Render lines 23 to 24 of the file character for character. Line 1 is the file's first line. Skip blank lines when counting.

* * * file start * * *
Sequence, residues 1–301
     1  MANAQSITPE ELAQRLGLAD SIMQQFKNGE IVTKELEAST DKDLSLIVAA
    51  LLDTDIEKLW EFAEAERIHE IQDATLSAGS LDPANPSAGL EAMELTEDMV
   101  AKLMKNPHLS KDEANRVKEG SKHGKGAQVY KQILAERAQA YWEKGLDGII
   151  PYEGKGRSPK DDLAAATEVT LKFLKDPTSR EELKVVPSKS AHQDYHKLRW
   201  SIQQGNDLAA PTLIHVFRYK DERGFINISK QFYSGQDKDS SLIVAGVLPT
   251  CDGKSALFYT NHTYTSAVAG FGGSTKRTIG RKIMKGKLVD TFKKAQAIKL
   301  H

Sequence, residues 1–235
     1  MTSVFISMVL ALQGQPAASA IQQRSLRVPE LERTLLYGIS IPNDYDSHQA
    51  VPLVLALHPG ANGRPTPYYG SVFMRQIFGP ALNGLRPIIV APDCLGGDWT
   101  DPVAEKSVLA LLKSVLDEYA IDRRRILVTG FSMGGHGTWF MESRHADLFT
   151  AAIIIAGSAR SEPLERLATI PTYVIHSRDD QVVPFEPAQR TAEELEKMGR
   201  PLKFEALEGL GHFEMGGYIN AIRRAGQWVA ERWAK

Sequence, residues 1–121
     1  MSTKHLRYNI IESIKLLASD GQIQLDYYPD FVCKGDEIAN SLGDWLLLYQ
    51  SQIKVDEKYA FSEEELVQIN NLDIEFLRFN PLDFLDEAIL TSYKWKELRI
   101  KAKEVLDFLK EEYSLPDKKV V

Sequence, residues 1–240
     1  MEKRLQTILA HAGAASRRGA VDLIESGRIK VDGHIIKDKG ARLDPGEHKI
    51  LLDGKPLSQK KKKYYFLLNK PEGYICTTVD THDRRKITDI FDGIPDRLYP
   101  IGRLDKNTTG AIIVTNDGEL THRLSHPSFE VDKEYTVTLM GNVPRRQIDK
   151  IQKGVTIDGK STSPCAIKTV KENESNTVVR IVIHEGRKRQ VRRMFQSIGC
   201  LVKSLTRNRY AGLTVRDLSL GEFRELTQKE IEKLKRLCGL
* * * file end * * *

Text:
   151  IQKGVTIDGK STSPCAIKTV KENESNTVVR IVIHEGRKRQ VRRMFQSIGC
   201  LVKSLTRNRY AGLTVRDLSL GEFRELTQKE IEKLKRLCGL